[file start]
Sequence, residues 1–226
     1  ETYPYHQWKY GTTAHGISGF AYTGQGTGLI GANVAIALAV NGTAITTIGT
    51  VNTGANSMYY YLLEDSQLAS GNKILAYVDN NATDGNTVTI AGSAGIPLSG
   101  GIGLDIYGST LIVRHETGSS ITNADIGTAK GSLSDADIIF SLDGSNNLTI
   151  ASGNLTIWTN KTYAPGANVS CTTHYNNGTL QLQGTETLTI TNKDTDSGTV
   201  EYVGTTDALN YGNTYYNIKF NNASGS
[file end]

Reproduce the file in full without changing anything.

Sequence, residues 1–226
     1  ETYPYHQWKY GTTAHGISGF AYTGQGTGLI GANVAIALAV NGTAITTIGT
    51  VNTGANSMYY YLLEDSQLAS GNKILAYVDN NATDGNTVTI AGSAGIPLSG
   101  GIGLDIYGST LIVRHETGSS ITNADIGTAK GSLSDADIIF SLDGSNNLTI
   151  ASGNLTIWTN KTYAPGANVS CTTHYNNGTL QLQGTETLTI TNKDTDSGTV
   201  EYVGTTDALN YGNTYYNIKF NNASGS